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The Role of Radiation Therapy After Breast Conserving Surgery in Older Women with Breast Cancer

Pauline T. Truong, MDCM, FRCPC, Radiation Therapy Program, Vancouver Island Centre, British Columbia Cancer Agency and the University of British Columbia, Victoria, BC.

Rohit Pai, BSc, Radiation Therapy Program, Vancouver Island Centre, British Columbia Cancer Agency and the University of British Columbia, Victoria, BC.

Ivo A. Olivotto, MD, FRCPC, Radiation Therapy Program, Vancouver Island Centre, British Columbia Cancer Agency and the University of British Columbia, Victoria, BC.

Breast conserving surgery (BCS) and postoperative radiation therapy (RT) achieve local control and survival equal to mastectomy in women with early stage breast cancer. The incidence of breast cancer increases with age and the number of older women in Canada continues to rise, but the under-representation of older women in BCS trials limits the evidence on which to base optimal therapy decisions. This article reviews breast conservation in older women, with a focus on the necessity of radiation therapy. Multiple randomized trials with and without age subgroup analyses demonstrate that RT after BCS should be considered standard therapy. A low-risk subset in whom radiation therapy may be omitted without compromising local control has not been defined. In women with early breast cancer, age alone should not preclude treatment that optimizes local control. Efforts to include representative samples of older breast cancer subjects in modern clinical trials with endpoints that include cancer control, survival, function, and quality of life are needed.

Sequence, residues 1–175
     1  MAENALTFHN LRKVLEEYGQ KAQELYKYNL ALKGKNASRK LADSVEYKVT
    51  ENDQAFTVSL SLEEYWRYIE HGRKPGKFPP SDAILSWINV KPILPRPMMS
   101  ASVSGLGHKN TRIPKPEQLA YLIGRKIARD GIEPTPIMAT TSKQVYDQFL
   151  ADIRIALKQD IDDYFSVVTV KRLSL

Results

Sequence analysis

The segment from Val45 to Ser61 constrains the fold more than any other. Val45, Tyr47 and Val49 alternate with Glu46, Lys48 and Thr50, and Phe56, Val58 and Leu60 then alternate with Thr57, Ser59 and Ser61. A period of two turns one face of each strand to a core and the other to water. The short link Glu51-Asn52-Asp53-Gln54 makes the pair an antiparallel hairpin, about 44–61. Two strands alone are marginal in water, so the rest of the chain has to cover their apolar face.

Key words: age, breast conserving surgery, breast cancer, breast conservation, radiotherapy.